Country of Publication:
United States
Language:
English
Subject:
60 APPLIED LIFE SCIENCES; 61 RADIATION PROTECTION AND DOSIMETRY; BIOMEDICAL RADIOGRAPHY; BIOPSY; CLINICAL TRIALS; FEMUR; FLUORINE 18; METASTASES; NEOPLASMS; OPTIMIZATION; PATIENTS; POSITRON COMPUTED TOMOGRAPHY; PROSTATE; SENSITIVITY; SODIUM FLUORIDES; SPECIFICITY; VERTEBRAE

Citation Formats

Roth, A, Harmon, S, Perk, T, and Jeraj, R. SU-F-J-06: Optimized Patient Inclusion for NaF PET Response-Based Biopsies. United States: N. p., 2016. Web. doi:10.1118/1.4955914.
Roth, A, Harmon, S, Perk, T, & Jeraj, R. SU-F-J-06: Optimized Patient Inclusion for NaF PET Response-Based Biopsies. United States. doi:10.1118/1.4955914.
Roth, A, Harmon, S, Perk, T, and Jeraj, R. 2016. "SU-F-J-06: Optimized Patient Inclusion for NaF PET Response-Based Biopsies". United States. doi:10.1118/1.4955914.
@article{osti_22632142,
title = {SU-F-J-06: Optimized Patient Inclusion for NaF PET Response-Based Biopsies},
author = {Roth, A and Harmon, S and Perk, T and Jeraj, R},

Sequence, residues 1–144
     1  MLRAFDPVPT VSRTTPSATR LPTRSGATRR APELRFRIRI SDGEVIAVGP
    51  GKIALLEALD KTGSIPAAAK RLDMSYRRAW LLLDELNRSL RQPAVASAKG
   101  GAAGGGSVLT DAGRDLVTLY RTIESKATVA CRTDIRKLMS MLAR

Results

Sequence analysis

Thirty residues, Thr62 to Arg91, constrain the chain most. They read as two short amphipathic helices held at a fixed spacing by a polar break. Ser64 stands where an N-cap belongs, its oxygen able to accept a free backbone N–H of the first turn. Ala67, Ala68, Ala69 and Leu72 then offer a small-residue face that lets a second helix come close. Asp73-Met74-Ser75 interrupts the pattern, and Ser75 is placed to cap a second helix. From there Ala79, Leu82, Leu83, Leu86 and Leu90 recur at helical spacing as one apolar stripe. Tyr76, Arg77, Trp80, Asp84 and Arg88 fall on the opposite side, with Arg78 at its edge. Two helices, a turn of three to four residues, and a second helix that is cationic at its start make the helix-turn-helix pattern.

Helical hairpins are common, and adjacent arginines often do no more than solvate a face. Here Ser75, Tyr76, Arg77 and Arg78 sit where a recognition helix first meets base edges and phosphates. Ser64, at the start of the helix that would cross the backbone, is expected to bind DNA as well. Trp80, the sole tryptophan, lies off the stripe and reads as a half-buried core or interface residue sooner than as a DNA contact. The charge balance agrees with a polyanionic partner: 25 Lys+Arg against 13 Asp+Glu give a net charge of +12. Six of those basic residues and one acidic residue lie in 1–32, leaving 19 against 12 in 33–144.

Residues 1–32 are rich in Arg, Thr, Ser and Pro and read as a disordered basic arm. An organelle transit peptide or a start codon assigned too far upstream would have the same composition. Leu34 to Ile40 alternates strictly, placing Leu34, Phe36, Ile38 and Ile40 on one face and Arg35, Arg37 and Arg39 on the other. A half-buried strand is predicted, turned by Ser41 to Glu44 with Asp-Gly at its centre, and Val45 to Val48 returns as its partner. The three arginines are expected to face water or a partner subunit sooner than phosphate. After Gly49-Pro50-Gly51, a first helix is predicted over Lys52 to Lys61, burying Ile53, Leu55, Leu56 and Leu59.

abstractNote = {Purpose: A method to guide mid-treatment biopsies using quantitative [F-18]NaF PET/CT response is being investigated in a clinical trial. This study aims to develop methodology to identify patients amenable to mid-treatment biopsy based on pre-treatment imaging characteristics. Methods: 35 metastatic prostate cancer patients had NaF PET/CT scans taken prior to the start of treatment and 9–12 weeks into treatment. For mid-treatment biopsy targeting, lesions must be at least 1.5 cm{sup 3} and located in a clinically feasible region (lumbar/sacral spine, pelvis, humerus, or femur). Three methods were developed based on number of lesions present prior to treatment: a feasibility-restricted method, a location-restricted method, and an unrestricted method. The feasibility restricted method only utilizes information from lesions meeting biopsy requirements in the pre-treatment scan. The unrestricted method accounts for all lesions present in the pre-treatment scan. For each method, optimized classification cutoffs for candidate patients were determined. Results: 13 of the 35 patients had enough lesions at the mid-treatment for biopsy candidacy. Of 1749 lesions identified in all 35 patients at mid-treatment, only 9.8% were amenable to biopsy. Optimizing the feasibility-restricted method required 4 lesions at pre-treatment meeting volume and region requirements for biopsy, resulting patient identification sensitivity of 0.8 and specificity of 0.7. Of 6 false positive patients, only one patient lacked lesions for biopsy. Restricting for location alone showed poor results (sensitivity 0.2 and specificity 0.3). The optimized unrestricted method required patients have at least 37 lesions in pretreatment scan, resulting in a sensitivity of 0.8 and specificity of 0.8. There were 5 false positives, only one lacked lesions for biopsy. Conclusion: Incorporating the overall pre-treatment number of NaF PET/CT identified lesions provided best prediction for identifying candidate patients for mid-treatment biopsy. This study provides validity for prediction-based inclusion criteria that can be extended to various clinical trial scenarios. Funded by Prostate Cancer Foundation.},